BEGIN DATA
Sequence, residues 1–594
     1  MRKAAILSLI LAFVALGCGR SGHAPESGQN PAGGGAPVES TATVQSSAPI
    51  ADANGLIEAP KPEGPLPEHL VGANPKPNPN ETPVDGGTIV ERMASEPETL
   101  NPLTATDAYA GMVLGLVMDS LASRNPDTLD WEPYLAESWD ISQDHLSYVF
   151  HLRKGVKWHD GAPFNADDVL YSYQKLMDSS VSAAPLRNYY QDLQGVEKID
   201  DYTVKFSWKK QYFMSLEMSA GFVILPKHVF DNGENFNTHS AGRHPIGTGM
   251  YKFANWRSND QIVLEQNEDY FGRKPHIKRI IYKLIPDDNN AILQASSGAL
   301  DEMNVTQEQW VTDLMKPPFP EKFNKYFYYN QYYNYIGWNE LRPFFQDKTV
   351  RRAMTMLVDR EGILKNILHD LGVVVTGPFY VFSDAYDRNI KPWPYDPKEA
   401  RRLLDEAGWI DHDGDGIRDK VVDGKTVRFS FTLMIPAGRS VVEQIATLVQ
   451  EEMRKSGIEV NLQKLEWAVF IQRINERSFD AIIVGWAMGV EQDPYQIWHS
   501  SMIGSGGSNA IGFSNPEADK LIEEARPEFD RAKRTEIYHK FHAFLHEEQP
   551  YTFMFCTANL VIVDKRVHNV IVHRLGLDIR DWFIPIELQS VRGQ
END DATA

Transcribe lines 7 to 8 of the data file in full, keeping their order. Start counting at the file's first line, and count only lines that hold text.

   251  YKFANWRSND QIVLEQNEDY FGRKPHIKRI IYKLIPDDNN AILQASSGAL
   301  DEMNVTQEQW VTDLMKPPFP EKFNKYFYYN QYYNYIGWNE LRPFFQDKTV